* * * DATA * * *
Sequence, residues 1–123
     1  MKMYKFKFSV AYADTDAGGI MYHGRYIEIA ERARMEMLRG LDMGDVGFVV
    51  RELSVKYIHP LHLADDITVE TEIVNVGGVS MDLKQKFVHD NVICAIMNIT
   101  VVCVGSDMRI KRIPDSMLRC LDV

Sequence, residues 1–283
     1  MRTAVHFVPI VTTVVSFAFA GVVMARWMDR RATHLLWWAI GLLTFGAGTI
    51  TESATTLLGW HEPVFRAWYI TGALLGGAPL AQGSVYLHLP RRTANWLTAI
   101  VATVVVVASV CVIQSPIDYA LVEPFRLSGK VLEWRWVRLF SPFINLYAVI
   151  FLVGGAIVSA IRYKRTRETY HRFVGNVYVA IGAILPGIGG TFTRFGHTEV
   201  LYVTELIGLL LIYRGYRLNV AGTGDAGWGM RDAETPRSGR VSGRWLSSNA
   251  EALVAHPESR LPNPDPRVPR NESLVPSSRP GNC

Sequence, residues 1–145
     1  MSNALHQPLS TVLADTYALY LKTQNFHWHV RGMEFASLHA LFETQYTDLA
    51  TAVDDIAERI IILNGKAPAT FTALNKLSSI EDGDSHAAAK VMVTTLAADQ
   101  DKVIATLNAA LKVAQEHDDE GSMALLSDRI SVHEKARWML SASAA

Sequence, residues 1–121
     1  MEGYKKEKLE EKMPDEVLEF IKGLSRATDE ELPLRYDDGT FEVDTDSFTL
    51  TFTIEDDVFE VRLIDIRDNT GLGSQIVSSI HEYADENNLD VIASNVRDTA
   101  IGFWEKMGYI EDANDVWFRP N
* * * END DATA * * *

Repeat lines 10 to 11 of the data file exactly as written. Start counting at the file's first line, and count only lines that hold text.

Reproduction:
   201  LYVTELIGLL LIYRGYRLNV AGTGDAGWGM RDAETPRSGR VSGRWLSSNA
   251  EALVAHPESR LPNPDPRVPR NESLVPSSRP GNC